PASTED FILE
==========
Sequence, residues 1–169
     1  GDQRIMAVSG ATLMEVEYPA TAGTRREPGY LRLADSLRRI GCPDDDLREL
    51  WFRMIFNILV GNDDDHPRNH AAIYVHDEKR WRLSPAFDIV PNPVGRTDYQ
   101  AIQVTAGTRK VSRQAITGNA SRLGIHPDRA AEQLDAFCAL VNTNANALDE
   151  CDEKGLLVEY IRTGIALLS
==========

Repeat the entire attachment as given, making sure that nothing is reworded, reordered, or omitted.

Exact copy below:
Sequence, residues 1–169
     1  GDQRIMAVSG ATLMEVEYPA TAGTRREPGY LRLADSLRRI GCPDDDLREL
    51  WFRMIFNILV GNDDDHPRNH AAIYVHDEKR WRLSPAFDIV PNPVGRTDYQ
   101  AIQVTAGTRK VSRQAITGNA SRLGIHPDRA AEQLDAFCAL VNTNANALDE
   151  CDEKGLLVEY IRTGIALLS